Address: Tufts University, Packard Hall
City: Medford, Massachusetts - 02155
Country: United States
I received my Ph.D. from Princeton University and my B.A. from Tufts University. My courses include the Politics of Ethnicity and American Identity, Political Psychology, Political Science Research Methods, Introduction to American Politics, Public Opinion, and Political Representation in the United States. My research examines the implications of the changing ethnic composition of the United States on public opinion in a variety of domains.
Immigration & Citizenship
Race, Ethnicity and Politics
National discourse about immigration in the United States has become increasingly unwelcoming. In two studies, we examine whether regional‐level (state) information about welcoming (vs. unwelcoming) immigrant policies in the context of either stable or increasing rate of immigration can influence intergroup relations in receiving communities. Among Whites (Study 1), welcoming policy proposals elicited more positive attitudes toward immigrants generally and toward Latinos, the ethnic group most closely associated with immigration in the United States, but only when rate of immigration is constant. In contrast, among Latinos (Study 2), an unwelcoming reception led to more positive attitudes toward immigrants (legal and undocumented) but again only when rate of immigration is constant. Asians’ attitudes (Study 2) toward immigrants were not affected by contextual information about immigration. Together, these findings suggest that local conditions can affect community members’ attitudes toward immigrants and toward specific ethnic groups associated with immigration.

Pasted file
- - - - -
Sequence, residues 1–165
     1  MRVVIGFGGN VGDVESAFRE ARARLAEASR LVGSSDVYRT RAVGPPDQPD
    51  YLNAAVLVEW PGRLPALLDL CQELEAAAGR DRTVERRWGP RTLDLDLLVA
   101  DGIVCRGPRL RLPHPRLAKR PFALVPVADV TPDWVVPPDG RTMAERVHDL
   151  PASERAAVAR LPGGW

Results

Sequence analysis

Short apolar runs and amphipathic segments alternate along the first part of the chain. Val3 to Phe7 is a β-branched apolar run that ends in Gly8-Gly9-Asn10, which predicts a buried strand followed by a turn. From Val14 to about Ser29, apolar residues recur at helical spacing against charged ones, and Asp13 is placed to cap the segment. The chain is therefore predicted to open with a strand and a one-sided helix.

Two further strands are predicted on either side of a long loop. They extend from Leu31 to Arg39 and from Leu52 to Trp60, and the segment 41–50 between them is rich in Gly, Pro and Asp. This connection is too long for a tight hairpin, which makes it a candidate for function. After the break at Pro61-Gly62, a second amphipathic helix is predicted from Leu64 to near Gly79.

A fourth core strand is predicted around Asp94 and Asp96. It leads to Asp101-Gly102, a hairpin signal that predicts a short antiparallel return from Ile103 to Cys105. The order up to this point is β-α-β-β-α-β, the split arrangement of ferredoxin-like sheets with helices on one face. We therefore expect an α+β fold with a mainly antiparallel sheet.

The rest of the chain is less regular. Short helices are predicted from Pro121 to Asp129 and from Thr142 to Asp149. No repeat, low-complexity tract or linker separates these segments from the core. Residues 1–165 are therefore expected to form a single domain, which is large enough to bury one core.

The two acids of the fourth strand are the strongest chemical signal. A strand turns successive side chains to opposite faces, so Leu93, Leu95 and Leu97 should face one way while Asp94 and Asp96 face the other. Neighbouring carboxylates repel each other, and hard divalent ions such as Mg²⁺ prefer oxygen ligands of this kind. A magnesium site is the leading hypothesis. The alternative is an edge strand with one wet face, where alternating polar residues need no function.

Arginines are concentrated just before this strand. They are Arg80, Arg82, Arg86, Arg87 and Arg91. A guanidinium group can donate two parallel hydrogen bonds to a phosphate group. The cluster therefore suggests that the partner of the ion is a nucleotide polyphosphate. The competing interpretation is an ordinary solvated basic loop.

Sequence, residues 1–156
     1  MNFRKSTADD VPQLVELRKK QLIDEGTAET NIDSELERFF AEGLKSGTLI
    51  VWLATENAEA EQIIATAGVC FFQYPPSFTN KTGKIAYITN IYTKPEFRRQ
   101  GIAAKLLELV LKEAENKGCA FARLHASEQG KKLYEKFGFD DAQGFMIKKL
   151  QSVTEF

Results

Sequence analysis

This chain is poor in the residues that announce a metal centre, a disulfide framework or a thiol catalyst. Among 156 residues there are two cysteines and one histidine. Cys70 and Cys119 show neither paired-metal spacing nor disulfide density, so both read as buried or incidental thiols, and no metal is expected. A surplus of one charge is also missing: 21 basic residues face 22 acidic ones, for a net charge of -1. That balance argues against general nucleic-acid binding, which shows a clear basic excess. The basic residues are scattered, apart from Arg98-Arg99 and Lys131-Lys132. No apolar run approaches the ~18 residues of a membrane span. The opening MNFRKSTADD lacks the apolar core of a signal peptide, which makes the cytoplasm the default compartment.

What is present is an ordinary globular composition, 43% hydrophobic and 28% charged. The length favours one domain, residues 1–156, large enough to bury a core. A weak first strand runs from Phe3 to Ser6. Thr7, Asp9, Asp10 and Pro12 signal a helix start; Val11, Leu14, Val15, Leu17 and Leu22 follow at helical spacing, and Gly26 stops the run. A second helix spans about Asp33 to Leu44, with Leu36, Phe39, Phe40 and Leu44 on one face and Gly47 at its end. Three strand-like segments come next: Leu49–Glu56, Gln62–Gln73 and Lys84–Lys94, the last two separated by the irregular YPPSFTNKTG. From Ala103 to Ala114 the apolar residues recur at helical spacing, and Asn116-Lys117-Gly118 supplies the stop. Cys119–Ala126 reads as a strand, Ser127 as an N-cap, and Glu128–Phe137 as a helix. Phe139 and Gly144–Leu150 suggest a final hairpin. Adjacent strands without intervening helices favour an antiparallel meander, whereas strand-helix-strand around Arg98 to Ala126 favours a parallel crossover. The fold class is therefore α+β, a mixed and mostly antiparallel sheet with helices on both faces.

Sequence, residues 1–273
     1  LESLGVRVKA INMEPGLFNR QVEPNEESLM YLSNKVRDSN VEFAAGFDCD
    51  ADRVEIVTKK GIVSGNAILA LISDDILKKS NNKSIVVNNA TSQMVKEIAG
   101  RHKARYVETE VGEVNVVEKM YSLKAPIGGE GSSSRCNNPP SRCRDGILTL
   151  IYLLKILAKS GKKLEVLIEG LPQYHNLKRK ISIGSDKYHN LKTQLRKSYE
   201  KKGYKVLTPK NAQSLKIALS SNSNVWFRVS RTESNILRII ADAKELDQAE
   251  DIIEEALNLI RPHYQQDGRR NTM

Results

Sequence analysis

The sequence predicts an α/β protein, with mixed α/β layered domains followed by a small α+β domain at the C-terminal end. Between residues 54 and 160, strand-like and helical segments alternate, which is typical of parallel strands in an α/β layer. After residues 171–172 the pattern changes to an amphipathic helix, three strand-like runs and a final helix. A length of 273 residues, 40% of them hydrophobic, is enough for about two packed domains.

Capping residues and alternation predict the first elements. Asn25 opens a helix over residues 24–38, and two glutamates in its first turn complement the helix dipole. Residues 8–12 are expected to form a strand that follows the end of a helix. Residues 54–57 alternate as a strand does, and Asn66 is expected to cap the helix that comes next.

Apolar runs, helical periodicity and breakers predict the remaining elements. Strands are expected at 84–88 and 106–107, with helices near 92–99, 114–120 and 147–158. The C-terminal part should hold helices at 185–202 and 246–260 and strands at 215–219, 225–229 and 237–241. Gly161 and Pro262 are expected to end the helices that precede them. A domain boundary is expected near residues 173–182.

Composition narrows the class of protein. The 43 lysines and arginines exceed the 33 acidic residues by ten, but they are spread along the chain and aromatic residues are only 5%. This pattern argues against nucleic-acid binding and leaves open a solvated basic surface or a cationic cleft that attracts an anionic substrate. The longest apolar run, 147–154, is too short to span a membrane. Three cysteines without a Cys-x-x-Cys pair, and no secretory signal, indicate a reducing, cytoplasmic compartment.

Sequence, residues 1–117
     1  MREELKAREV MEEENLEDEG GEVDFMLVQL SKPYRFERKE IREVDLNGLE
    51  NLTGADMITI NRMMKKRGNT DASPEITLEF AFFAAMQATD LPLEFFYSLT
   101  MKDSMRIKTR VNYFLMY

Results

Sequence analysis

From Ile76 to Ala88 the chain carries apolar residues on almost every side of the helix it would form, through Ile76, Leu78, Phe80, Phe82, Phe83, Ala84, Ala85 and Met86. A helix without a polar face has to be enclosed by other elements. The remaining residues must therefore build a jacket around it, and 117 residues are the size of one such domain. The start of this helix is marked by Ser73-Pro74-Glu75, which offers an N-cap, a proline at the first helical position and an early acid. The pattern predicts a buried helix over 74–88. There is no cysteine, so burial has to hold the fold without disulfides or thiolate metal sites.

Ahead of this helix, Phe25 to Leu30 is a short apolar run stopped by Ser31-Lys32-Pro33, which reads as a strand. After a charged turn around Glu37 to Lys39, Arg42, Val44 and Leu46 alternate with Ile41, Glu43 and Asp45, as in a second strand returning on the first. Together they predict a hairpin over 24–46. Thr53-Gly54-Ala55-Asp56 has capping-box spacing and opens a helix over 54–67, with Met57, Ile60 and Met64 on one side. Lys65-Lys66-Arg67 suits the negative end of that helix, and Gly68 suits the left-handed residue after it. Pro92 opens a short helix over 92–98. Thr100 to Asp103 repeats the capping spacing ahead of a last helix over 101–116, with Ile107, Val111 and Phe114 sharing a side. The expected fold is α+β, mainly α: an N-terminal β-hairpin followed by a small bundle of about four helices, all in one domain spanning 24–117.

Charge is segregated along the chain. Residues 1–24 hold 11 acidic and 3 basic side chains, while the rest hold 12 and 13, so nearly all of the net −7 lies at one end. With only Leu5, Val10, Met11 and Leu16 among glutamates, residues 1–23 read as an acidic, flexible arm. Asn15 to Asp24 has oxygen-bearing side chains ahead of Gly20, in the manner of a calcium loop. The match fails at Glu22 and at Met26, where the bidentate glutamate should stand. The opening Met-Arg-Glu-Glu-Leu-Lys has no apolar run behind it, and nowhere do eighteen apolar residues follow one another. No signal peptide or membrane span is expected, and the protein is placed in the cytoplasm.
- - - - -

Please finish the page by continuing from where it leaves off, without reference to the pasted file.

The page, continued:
Subnational immigrant policies (i.e., those instituted at the state level in the United States) are not only key to successful integration, they send a message about who belongs. Our evidence suggests that welcoming state-level immigrant policies lead to greater belonging among foreign-born Latinos, US-born Latinos, and even US-born whites. Only self-identified politically conservative whites showed depressed feelings of belonging when state policies support immigrants. Patterns remained constant across states that vary in their historic reception of immigrants (Arizona and New Mexico). These findings suggest that debates about the polarizing effects of immigration policies by racial group are misplaced. With a majority of whites nationally identifying as either liberal or moderate, welcoming immigration policies have direct and spillover effects that can further national unity..